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Fluid Journal : Fluid Journal 2002-2004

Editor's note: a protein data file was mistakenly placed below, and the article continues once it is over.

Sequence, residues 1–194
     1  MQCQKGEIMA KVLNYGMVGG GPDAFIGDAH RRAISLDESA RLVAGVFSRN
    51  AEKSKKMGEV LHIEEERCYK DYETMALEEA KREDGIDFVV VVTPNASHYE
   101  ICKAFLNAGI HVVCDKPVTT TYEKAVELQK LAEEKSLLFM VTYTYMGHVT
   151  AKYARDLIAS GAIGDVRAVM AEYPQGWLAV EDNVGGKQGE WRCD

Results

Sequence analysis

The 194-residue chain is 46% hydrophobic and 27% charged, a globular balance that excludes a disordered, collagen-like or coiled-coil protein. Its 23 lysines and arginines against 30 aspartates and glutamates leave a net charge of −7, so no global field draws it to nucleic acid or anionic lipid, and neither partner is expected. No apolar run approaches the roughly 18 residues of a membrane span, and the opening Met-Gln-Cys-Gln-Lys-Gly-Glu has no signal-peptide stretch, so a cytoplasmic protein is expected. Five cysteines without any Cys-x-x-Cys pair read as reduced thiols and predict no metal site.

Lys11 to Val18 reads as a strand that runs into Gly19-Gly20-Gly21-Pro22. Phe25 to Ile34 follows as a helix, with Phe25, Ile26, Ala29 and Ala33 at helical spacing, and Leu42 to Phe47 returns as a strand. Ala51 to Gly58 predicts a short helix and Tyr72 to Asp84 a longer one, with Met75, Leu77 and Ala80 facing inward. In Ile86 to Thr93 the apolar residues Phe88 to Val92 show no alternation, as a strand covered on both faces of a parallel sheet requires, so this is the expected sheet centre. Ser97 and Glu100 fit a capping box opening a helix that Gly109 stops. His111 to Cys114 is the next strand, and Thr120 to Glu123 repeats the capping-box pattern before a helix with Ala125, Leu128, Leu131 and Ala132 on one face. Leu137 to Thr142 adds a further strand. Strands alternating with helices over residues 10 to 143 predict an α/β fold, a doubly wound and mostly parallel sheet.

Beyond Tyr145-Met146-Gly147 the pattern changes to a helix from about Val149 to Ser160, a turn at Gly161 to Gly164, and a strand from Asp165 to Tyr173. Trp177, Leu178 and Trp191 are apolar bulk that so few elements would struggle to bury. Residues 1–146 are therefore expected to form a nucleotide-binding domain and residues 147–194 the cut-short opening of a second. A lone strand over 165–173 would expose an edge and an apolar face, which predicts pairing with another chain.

traditional pattern, many places to the north (particularly the northern Rockies and portions of the Midwest) are not expected to have this degree of storminess. Managing problem Because of the limited flows of irrigation water and the needs for urban and environmental interests to continually look at alternative or expanded water supplies, long-term water management plans are needed. We can be thankful for the foresight of those who developed the reservoir storage capabilities of the west. There are many who might disagree with the building of dams, but those people would probably not even reside in the west if the present day storage had not been put in place. Despite the last three years of very low runoff, reclamation has been able to deliver enough water to meet all its water delivery commitments for both agriculture and urban populations within the lower Colorado River Basin. Without the dams in place, estimates show the Lower Basin water use would have been reduced by 60 percent and shortages close to 6 million acre-feet would have occurred. Additional estimates show that it will be many years before the Colorado River system is full again. It would require an estimated 265 percent of average precipitation to refill the system. Even within a wet cycle and at present consumption, the Colorado River basin would take 2 to 5 years to fill. With limited snow pack predicted, the outlook for refilling these reservoirs is in serious doubt. With that in mind, the federal government is taking steps to decrease the amount of water being used by states within the Colorado River Basin. California is by far the largest user. Secretary of the Interior Gale Norton recently signed an Annual Operating Plan. The plan allows changes in water use to take place beginning in 2003. Release rates were dependent on California signing a Quantification Settlement Agreement. Since this did not take place, the amount of water supplied to the Metropolitan Water District (Los Angeles County) will be at a level of 414,000 acre feet. This represents a significant decrease from the amount requested. This has put local water districts in a scramble to acquire additional amounts of irrigation water. Unfortunately, there are few districts with surplus water available. Steve Beckley, director of the California Plant Health Association, has stated, "With the new water constraints, Sacramento North Water users will need to reduce rice production by an estimated 50,000 acres." There are additional examples of these types of reduction in acres, all of which impact not only agricultural production, but also the agribusinesses serving these communities. Avoiding conflict Within the 2003 irrigation year and beyond, there will continue to be conflicts between agriculture and other water users. While some of the conflicts will be won by agriculture, many will be lost. However, acknowledgment that water as a precious resource needs to be shared during times of plenty as well as times of drought is an attitude that will have to pervade the consciousness of both sides. We in agribusiness, must work to increase the efficiency of water use through better understanding of crop water use. We must also take necessary measures to effectively use that portion of irrigation water available to agriculture and practice good agronomics that promote the best irrigation management practices. This includes a better understanding of soil moisture relationships to soil fertility and a better incorporation of soil moisture monitoring and interpretation of that information. Irrigation and overall water--use efficiency must continue to be emphasized. Agronomists and crop advisors should promote crops that require less water in areas where water restrictions will be evident. Growers have been known to lease their water rights to down-stream water users. These types of actions result in land being taken out of production for one or more years. Crop advisors should make sure that these growers are well aware of those drastic consequences in subsequent production years. By taking these steps and others we assure ourselves, as well as those we serve, with many years of continued production and economic success. Dr. Tindall is senior agronomist for J.R. Simplot Company. Early Spring 2003
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